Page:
Cameron urges fightback after Tunisia attack

British Prime Minister David Cameron attends the Armed Forces Day in Guildford.

British Prime Minister David Cameron attends the Armed Forces Day in Guildford.

British Prime Minister David Cameron called for a fightback against extremism on Monday in response to a mass shooting in Tunisia that killed at least 38 people including many British tourists.

“To our shock and grief we must add another word: resolve. Unshakeable resolve. We will stand up for our way of life,” Cameron wrote in British newspaper the Daily Telegraph calling for “a response at home and abroad”.

“We must be stronger at standing up for our values — of peace, democracy, tolerance, freedom,” Cameron wrote.

“We must be more intolerant of intolerance — rejecting anyone whose views condone the Islamist extremist narrative and create the conditions for it to flourish.”

The number of British victims may rise to more than 30 from the official toll of 15, the BBC reported Monday.

Three Irish people, a Belgian, a Portuguese and one German were also killed when a gunman opened fire in the beach resort of Sousse on Friday.

Cameron called for efforts against online propaganda by groups like ISIS, which claimed responsibility for the attack, but also said there was a need to strengthen political institutions abroad.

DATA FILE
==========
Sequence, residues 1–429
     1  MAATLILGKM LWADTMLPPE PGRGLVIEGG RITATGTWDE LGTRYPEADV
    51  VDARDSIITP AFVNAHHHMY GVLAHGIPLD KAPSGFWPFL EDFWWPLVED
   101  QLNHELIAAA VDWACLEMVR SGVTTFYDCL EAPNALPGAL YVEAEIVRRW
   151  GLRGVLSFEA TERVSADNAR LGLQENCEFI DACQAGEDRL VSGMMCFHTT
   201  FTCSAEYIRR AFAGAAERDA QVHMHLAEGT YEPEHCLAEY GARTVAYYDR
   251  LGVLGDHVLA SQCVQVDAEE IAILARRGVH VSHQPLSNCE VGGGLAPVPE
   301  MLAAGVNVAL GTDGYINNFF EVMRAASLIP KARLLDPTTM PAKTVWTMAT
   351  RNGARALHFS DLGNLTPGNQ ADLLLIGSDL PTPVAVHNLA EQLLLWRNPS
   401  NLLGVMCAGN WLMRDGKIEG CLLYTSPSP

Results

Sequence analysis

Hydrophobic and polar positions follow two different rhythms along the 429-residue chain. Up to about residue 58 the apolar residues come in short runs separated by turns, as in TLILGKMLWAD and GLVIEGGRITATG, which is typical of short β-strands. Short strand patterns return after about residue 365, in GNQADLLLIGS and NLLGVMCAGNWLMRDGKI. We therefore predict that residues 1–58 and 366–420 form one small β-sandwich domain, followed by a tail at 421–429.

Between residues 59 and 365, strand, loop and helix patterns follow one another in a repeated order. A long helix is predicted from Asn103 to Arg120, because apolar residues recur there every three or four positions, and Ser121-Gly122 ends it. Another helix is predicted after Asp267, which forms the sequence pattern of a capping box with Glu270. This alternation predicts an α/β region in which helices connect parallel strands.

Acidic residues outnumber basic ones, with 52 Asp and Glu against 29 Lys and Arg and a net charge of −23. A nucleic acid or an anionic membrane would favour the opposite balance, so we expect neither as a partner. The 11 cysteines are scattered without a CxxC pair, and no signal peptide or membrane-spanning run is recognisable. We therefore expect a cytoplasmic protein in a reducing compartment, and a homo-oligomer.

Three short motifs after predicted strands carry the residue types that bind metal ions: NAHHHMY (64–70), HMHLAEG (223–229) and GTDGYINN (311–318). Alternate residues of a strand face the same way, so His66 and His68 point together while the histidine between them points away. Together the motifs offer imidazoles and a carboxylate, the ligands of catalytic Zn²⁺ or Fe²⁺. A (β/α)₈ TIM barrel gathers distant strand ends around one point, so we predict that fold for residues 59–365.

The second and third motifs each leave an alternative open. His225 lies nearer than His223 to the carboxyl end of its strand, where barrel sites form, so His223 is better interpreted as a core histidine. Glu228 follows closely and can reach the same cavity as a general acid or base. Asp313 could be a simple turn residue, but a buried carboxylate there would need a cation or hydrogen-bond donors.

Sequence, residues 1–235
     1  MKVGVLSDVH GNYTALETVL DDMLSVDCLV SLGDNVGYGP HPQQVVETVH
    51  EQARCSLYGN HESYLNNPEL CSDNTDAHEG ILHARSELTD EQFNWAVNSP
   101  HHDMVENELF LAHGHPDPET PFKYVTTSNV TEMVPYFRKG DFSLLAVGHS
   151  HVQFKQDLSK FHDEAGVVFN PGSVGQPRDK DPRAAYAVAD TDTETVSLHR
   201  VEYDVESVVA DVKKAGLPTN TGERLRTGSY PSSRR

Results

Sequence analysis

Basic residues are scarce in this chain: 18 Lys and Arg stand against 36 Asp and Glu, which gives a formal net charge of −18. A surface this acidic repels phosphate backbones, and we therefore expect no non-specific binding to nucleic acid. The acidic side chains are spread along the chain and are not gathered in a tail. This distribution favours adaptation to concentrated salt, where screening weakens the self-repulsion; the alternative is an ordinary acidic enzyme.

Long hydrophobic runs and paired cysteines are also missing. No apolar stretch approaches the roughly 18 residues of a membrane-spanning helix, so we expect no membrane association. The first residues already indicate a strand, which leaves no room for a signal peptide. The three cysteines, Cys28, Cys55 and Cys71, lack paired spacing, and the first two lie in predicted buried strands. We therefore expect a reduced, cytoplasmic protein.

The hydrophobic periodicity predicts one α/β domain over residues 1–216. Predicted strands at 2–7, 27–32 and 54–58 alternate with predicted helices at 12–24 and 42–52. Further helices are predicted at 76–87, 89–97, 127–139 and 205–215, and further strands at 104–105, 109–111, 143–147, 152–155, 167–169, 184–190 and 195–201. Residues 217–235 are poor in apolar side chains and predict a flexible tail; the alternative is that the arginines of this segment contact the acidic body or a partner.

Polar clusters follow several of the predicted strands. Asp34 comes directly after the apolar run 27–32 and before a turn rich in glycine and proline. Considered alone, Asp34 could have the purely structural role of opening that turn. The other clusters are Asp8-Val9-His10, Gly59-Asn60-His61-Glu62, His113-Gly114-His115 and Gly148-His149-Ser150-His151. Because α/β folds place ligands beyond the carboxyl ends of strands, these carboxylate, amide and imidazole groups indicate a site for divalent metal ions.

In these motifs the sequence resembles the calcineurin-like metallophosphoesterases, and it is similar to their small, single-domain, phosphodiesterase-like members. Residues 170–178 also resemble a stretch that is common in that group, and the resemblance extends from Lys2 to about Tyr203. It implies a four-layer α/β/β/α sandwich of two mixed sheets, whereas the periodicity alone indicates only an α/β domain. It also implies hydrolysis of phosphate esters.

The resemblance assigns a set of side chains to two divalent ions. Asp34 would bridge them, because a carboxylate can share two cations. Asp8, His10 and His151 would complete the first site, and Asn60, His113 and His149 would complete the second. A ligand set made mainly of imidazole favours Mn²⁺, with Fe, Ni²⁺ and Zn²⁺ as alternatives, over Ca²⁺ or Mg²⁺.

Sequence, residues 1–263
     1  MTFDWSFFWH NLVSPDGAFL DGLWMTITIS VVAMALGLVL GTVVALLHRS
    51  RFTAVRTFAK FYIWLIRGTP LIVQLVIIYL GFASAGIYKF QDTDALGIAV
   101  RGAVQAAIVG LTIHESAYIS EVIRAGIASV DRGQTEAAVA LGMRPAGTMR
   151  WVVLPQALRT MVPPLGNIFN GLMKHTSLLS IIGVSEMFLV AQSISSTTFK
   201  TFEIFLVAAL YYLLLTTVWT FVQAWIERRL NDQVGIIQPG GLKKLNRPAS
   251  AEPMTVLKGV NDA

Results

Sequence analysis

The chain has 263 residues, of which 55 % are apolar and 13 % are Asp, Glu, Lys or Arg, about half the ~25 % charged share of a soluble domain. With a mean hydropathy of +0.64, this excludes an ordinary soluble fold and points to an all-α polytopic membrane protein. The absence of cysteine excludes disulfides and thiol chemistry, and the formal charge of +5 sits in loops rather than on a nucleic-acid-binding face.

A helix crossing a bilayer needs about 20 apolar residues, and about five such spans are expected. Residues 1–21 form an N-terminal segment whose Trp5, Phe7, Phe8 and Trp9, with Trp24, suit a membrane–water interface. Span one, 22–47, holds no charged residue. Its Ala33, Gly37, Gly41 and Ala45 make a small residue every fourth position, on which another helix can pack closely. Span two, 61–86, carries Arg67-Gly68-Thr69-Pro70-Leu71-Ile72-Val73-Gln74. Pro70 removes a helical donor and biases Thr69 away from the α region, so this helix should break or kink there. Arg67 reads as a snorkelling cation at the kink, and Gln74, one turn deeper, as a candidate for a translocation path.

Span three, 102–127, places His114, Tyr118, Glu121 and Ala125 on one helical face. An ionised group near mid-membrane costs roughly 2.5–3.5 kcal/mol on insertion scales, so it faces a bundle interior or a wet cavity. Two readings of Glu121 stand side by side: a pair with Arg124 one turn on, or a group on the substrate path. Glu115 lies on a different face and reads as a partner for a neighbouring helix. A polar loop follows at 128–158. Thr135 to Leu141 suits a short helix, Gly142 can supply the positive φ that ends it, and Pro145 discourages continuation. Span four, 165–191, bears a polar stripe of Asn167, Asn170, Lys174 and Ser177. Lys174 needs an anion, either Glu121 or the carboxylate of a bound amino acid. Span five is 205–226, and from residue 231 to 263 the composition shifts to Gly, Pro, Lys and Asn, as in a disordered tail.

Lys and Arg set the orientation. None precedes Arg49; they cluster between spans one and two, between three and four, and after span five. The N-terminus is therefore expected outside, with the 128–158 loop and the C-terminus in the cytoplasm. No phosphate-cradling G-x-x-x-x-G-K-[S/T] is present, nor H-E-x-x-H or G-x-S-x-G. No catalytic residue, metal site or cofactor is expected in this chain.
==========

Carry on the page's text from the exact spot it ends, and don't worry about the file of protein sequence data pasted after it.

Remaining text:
“We must also deal with it at its source, in places like Syria, Iraq and Libya, from where ISIL is peddling and plotting its death cult,” Cameron wrote, using another term for IS.

Carrying out such an attack during the holy month of Ramadan was an “insult to all Muslims worldwide”, Cameron wrote.

“This is not the war between Islam and the West that ISIL want people (to) believe. It’s between the extremists who want hatred to flourish and the rest of the world who want freedom to prosper.”

Cameron described the attack as another example of the “evil” seen in attacks in Iraq, Kenya, magazine offices in Paris and schools in Pakistan.

Flags were to be flown at half mast over Cameron’s Downing Street office on Monday in sympathy with the victims and their families.

It was the worst loss of British life in a terror attack since 52 people died in suicide bombings on the London transport system on July 7, 2005.


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